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Keep Your Child Safe Around Holiday Lights

Christmas Lights
Your curious child often wants to explore the holiday lights and discover what makes them twinkle. Even though your tot doesn't understand that electricity poses a serious safety risk, you do. How can you help your child to stay safe during the holidays? Look at the easy ways to reduce seasonal electricity-related risks.

Act Like a Child

How can you anticipate what your child will get into? Sometimes you can't. But acting like a child can help you to spot potentially dangerous areas that you may not have noticed.
This doesn't mean you need to throw a toddler-like tantrum or play with toys. Instead, do these:
  • Crawl the space. Get down on your child's level and crawl through your home. This can help you to find outlets, cords, and other electrical issues that you may not have released were within your child's reach.
  • Look for standouts. Anything that sparkles, twinkles, shimmers, or in any other way lights up can entice a young child.
  • Find toy mimics. Some electrical devices may look like playthings to your child. In your child's eyes, a power cord might equal a jump rope or a power strip can look like a puzzle.
Make changes as needed, based on what your act-like-a-child exploration finds.

Read the Rules

Give your young child a manageable list of holiday-time electrical safety rules. Consider your child's age and ability to understand (and retain) the information before rolling out a lengthy list. Keep it simple, including major rules such as:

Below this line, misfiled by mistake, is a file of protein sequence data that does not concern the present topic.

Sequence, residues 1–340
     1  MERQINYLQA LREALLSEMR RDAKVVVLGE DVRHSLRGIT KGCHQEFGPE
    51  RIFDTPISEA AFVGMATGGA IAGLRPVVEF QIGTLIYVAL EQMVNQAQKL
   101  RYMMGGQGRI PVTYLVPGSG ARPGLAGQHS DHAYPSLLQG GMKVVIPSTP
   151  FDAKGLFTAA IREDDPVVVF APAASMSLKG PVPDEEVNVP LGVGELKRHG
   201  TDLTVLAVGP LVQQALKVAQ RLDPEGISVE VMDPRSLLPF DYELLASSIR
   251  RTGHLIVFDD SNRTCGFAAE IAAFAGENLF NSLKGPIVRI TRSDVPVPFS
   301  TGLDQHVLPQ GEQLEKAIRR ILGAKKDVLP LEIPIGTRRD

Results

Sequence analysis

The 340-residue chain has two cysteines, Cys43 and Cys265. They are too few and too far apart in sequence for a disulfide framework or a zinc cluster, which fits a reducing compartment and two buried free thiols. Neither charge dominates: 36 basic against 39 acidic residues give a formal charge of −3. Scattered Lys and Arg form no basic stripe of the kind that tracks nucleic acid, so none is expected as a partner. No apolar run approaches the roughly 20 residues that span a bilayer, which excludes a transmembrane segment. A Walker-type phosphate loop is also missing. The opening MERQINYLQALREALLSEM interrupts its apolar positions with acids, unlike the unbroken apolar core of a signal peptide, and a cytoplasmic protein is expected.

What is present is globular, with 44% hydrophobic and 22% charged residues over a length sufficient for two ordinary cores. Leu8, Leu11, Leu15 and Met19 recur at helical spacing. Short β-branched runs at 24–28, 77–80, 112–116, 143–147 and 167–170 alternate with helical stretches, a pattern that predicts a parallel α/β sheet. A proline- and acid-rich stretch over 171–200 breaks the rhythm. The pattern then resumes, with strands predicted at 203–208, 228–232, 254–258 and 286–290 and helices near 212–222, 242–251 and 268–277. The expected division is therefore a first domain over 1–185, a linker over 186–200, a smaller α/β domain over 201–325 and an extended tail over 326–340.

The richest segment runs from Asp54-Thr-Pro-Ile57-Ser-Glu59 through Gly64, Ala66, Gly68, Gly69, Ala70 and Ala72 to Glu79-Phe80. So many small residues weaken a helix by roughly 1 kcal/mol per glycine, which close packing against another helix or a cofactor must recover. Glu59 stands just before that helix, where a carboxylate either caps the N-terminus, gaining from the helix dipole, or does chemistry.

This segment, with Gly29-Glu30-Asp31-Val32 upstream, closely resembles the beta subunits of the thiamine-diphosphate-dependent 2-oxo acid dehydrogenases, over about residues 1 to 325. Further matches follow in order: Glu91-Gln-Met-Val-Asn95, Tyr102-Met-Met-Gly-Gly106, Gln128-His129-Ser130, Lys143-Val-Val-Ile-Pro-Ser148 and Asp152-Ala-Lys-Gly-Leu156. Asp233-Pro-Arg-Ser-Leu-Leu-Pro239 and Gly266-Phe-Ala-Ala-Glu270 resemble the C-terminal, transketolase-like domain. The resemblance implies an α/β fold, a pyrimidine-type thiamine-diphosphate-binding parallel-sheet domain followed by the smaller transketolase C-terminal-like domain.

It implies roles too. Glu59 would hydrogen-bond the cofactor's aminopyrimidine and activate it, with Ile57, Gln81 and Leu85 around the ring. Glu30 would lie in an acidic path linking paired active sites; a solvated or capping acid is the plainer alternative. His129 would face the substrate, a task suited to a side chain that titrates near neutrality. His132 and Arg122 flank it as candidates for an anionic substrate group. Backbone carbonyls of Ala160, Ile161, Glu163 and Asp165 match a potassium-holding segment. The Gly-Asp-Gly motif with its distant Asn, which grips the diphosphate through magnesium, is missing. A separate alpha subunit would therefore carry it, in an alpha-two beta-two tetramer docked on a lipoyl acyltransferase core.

• Never touch the cord. The string lights on the tree have a cord. So do the light-up Santa, flameless candles, and other twinkling holiday décor. Help your child understand that touching any cord is a major no-no.
  • Never touch the lightbulbs. The bright lights often tempt young children to touch or even chew on them. Again, tell your tot never to touch. This one might take some almost-constant reminding.
  • Don't play around the lights. Whether your child is inside or out, they need to avoid the lights and cords. Create accessible play spaces that are far from the lights and holiday décor.
For a young child to forget the rules is completely normal. If your tot struggles to remember the list, use a pictorial version. Make a poster, hang pictures, or use illustrated storybooks as constant reminders.
Some national organizations (such as Electrical Safety Foundation International) and local fire departments have holiday electrical safety resources, worksheets, and printables for parents with young children.

Use Barriers

When words don't work, you need a physical solution. Following your child around and constantly removing them from the electricity source isn't practical. A serious accident can happen within seconds.
If your child can't stop themselves from touching twinkle lights, power strips, and electrical cords, try a barrier. Baby gates and strategic planning allow you to decorate your home for the holidays while reducing the risks associated with electrical elements.
Try these easy barrier ideas for childproofing your holiday displays:
  • Gate around the tree. Use an extended gate to encircle the entire tree. Make it festive and decorate the exterior with wrapping paper, fabric, or any other child-friendly décor.
  • Tabletop tree. Place the tree, and the rest of the décor, above your child's reach. Please note that this trick won't work if your child is a climber.
  • Outdoor barrier. Keep your child away from outdoor lighting displays with plastic baby gates (wooden versions may not stand up to the elements) or with everything on a second-story level.
Even though a barrier can help to reduce the risks of out-in-the-open electrical items, this isn't a complete solution. Supervision is always necessary. Never leave your young child unsupervised.
Do you need pre-holiday electrical repairs or upgrades? Contact Express Electrical Service for more information.